About the time I began writing this blog (about 6 years or so ago) my children decided that handmade knitwear was actually something you could wear, be seen in public with, acknowledge to all and sundry that 'Yes, it was in fact hand-knitted and my Mum made it for me' and be proud of it. Only a fellow knitter understands the myriad proud feelings that come with your teenage / young adult children arriving at this realisation. We started slowly with accessories and gently progressed to whole garments.

Since then I've made the boy a handmade jumper, a scarf and five hats (as well as a knitted stuffed deer head for the Boy Cave). That reminds me, I've made three of these hats fairly recently. Stay tuned for a hat blog post featuring the boy wearing hats! He also has a queue of matched yarn and jumper / cardigan patterns waiting for me to get around to knitting them.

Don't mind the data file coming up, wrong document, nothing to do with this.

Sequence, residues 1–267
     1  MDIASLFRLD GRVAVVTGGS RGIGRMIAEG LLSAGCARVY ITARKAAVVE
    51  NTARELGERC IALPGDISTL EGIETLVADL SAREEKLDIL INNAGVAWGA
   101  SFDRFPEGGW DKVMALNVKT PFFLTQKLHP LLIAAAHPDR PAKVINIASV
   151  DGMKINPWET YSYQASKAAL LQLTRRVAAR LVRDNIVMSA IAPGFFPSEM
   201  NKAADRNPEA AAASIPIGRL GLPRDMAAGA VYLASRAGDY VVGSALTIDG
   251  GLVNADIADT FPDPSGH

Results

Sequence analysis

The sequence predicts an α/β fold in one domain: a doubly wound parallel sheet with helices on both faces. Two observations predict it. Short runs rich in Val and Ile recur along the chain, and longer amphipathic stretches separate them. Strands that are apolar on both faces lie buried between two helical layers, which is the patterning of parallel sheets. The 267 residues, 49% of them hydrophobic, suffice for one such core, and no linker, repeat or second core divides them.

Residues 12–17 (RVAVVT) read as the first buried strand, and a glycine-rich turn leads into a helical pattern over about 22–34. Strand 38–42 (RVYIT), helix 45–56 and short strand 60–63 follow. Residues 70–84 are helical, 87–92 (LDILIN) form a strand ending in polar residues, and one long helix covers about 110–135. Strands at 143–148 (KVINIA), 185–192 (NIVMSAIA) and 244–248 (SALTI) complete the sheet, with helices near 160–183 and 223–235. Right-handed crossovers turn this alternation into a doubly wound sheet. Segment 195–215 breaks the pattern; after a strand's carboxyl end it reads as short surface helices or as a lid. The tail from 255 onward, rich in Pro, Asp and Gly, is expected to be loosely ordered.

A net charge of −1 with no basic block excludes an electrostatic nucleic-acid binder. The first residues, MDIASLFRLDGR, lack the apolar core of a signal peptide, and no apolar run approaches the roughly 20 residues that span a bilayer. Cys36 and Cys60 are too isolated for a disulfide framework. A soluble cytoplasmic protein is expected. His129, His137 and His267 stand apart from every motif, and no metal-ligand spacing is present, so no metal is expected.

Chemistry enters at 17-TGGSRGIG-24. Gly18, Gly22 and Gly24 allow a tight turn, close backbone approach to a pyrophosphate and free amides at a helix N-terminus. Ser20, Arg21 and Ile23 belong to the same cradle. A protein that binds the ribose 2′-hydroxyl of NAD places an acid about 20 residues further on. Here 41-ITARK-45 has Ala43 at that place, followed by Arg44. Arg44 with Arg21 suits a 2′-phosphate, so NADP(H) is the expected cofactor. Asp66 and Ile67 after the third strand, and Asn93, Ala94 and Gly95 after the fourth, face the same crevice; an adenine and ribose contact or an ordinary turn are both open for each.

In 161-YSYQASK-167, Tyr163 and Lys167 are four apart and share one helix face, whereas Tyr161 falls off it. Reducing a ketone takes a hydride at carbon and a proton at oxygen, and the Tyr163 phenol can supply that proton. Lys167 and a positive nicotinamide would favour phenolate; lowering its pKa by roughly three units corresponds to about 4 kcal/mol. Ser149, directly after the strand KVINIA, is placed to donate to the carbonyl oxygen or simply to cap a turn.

Not so Little Boy Blue and wearing Graeme the hat!

Examination in brioche
The middle daughter Mel (The Fanciful Fungirl) still lives at home and so is in a prime position for subtle nagging and tempting suggestions of what she really needs knit for her next. Her tally so far is two berets, three beanies, a knitted cloche hat, two pairs of fingerless gloves and two jumpers (and a knitted cover for her tablet computer complete with bumble bees). She also tends to bring out my design instincts, commissioning unique hand knitted pieces.
Funky Chunky
Cables of Europe
Sunrise / Sunset using hand dyed yarn
The eldest Doctor daughter has sadly missed out on her fair share of the knitted bounty to a certain extent. Oh, I've knitted her three berets and a slouchy hat but that is it... (The fact that she knits herself does contribute to this a bit. She made her own intricately cabled cover for her laptop and a lovely seed stitch cowl and last time she was home snaffled some knitting needles and raided the stash for squishy wool  to make some more accessories and cushion covers).
Selbu Modern
Slow Flurry on me, the daughter wearing her own hand knitted seed stitch cowl